ICA Bangladesh was established in order to create a vibrant culture of participation from the grassroots and to empower individuals, groups, communities, and organizations to contribute to the reduction of poverty and the betterment of society. The mission is to operate as a people-oriented and human-centered agent of change based on inclusive, participatory planning and development initiatives. ICA uses well-tested participatory methods and tools to affect positive change in areas of poverty reduction, environment, agriculture, education, health and natural resource management. ICA Bangladesh actively promotes and organizes workshops for training facilitators, as well as for training individuals and groups for fundraising, team building, project management, and research. The organization targets marginalized individuals and works to empower them to be active leaders and contributors to social change.
To support ICA activities in Bangladesh, please send your donation to the following official Bank account or via online or through ICA International:
Account Name: Dhaka Institute of Cultural Affairs
Saving Account No. 083834124539
Agrani Bank Ltd.
National Press Club Branch
Ramna, Dhaka-1000

Head Office Address:

83/B New Circular Road
Mouchak Tower Suit# 1513 (14th Floor)
Malibag Moor Dhaka-1217, Bangladesh

Donate for the Phulki Project

The Sparks and Call of Dhaka Street Children During 2009 we initiated a new program for Street Children.There are about 333,920 (75% of the total street children of country according to a 2001 survey) street children in Dhaka City who are marginalized kids who have no access to education, live in poverty, ignorance, and with poor health, and are subject to child labor, criminal activities, and lack basic child rights. The Bengali word ‘Phulki’ means spark or stimulant or catalyst. In this manner, we are improving the quality of life of street children project through educational and life skills training, keeping an eye on their discovering their individual callings in life.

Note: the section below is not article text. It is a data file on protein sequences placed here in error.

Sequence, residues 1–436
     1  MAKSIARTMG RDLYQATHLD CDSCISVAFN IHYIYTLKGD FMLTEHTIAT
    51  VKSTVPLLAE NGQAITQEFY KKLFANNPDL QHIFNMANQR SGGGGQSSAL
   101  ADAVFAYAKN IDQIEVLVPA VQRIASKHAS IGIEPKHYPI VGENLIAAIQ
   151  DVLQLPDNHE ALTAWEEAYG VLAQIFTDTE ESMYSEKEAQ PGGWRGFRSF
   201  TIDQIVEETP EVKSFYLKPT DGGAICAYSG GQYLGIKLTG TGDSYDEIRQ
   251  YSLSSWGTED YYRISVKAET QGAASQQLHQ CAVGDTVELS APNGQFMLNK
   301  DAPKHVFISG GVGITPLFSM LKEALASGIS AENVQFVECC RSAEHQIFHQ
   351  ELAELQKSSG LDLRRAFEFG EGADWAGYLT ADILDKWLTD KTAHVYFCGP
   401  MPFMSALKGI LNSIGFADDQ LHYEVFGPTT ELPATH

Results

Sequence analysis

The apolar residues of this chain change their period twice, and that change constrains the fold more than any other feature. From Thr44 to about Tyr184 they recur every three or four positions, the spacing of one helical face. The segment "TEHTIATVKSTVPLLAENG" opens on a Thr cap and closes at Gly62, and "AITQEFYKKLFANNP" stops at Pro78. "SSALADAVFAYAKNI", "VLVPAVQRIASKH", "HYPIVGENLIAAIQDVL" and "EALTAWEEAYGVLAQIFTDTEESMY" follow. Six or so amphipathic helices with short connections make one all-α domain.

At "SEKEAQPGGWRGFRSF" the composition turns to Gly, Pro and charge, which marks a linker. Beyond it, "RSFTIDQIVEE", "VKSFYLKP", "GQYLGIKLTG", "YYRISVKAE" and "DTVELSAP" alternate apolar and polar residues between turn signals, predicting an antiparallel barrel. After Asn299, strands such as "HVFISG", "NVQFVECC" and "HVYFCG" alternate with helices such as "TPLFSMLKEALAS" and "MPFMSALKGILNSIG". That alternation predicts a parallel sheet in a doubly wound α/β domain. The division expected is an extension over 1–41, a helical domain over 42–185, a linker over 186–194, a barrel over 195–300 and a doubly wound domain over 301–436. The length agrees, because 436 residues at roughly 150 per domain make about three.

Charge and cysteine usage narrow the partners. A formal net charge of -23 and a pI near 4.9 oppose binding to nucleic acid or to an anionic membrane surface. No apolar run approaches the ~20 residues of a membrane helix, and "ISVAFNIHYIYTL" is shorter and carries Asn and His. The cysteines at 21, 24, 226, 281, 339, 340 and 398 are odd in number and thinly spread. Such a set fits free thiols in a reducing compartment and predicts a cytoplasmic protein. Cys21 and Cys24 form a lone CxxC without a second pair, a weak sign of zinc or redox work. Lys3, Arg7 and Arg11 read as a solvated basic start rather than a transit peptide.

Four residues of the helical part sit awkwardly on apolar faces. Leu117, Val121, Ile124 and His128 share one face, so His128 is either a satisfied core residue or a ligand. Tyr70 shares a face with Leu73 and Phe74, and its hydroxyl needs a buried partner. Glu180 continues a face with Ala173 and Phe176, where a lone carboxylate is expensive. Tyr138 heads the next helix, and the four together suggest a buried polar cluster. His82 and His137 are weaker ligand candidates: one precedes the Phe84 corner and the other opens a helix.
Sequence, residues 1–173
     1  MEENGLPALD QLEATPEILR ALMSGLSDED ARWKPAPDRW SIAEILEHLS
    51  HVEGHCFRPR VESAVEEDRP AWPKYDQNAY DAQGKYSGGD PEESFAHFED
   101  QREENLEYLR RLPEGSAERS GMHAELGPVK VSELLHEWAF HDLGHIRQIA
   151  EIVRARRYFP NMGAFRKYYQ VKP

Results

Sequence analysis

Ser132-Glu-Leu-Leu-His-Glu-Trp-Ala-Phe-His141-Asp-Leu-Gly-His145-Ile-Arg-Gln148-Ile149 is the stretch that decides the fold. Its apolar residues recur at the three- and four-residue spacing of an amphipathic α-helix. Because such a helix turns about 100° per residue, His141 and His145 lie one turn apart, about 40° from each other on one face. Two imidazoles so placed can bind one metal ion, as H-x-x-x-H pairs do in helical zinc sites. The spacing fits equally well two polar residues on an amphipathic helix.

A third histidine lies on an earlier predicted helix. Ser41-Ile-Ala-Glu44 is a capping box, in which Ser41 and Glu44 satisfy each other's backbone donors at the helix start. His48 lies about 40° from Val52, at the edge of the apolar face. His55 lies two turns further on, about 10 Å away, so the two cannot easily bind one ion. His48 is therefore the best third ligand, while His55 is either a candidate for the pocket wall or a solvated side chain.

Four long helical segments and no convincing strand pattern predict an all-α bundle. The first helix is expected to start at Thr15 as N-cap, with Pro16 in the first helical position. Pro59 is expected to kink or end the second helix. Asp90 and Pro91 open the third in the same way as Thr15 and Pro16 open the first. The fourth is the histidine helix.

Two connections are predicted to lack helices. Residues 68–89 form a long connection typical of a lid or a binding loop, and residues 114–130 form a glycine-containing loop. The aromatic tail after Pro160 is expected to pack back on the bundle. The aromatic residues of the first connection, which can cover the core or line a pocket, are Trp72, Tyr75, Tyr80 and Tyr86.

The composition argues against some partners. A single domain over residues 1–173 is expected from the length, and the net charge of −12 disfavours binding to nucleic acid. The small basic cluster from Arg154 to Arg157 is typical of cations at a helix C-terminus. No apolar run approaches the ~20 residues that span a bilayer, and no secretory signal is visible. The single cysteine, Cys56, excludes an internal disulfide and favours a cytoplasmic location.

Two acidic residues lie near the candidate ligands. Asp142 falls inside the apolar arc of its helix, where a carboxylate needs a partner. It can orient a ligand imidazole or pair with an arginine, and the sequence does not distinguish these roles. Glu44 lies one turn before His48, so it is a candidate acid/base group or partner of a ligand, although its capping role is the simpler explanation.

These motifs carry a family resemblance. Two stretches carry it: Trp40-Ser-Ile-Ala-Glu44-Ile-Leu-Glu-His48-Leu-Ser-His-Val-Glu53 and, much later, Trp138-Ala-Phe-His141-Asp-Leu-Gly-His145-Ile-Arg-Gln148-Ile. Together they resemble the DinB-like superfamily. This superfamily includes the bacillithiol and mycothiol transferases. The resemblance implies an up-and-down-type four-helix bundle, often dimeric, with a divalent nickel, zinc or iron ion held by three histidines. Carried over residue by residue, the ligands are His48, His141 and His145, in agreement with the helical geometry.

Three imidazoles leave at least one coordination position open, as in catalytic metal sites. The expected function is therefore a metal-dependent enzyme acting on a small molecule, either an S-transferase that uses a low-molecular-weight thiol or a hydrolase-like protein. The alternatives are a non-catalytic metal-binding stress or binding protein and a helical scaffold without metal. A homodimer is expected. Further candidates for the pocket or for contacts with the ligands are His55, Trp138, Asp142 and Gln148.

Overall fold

Imagine the streets of Dhaka, Bangladesh. Imagine 15 million people in a country of at least 150 million. Imagine six lanes of traffic on each side of the street where at most three should fit, almost no public transport (a few buses per day). Picture endless old bike rickshaws, often with breathtaking seconds of avoiding a collision with other vehicles. Imagine the horrendous noise and smells–the traffic lights that often do not work or are not obeyed, even if police are present, everyone trying to get through as fast as possible.
Now picture in the midst of all this maze and chaos of moving vehicles: little kids. Yes, right there in the danger zone, where traffic is stopped for a moment, kids trying to sell you something—a piece of gum or candy, a flower, popcorn, newspapers, magazines and even books. Other kids just beg for money, whatever you can give. If you give and have to wait another minute, ten others might rush over to also ask for something.
These are the “Street Children”. No one knows what to do with them. They are very poor, their parents usually came from the country, where great rural poverty pushed them out in hope of some odd jobs in the city. They live on empty lots at the river, and when thrown out from there, on the sides of streets. They help the family survive by getting a few takas (5 cents) through their street sales. Most of them do not go to school–at least not once they are eight years old and can contribute to self-support. Some of them are orphans. Some of them intentionally damaged physically–by families or organizers–to awaken more compassion when people notice their lost hand, arm or leg.
These are the kids our colleagues in Bangladesh are helping. Their conscience responded since government services are not available. For almost two years now they have offered two hours of basic education and life-skills training for about thirty of these kids in one small part of the city. They gained the necessary permission from local government officials, secured the free use of a room and the ongoing agreement and some participation from parents. They engaged volunteers to provide meaningful instructions in very limited conditions. Life skills include information on health, sanitation, hygiene and how to prevent diseases like HIV/AIDS and STD. They teach decision making and discuss the rights of children–especially girls and efforts to overcome poverty and inequality. They even include initial employable skills such as dress-making and work with computers.
The project is called “phulki”, meaning sparks, expressing the hope of its intent. The teachers aim to build on what the children know and have experienced already, excite them about learning and possibilities and to share what they have learned with their parents. The school is a spark for hope, the children are treated as sparks and their sparks can influence others and help create a different future. The kids and many parents feel honoured and willing to go for less income earning and food in order to learn more.
Unfortunately this project has not received regular funding yet and is in great need to be able to continue. Any donation will directly serve the kids and improve their future chances in life.
& 23 Jan 2013 10:04:51 AM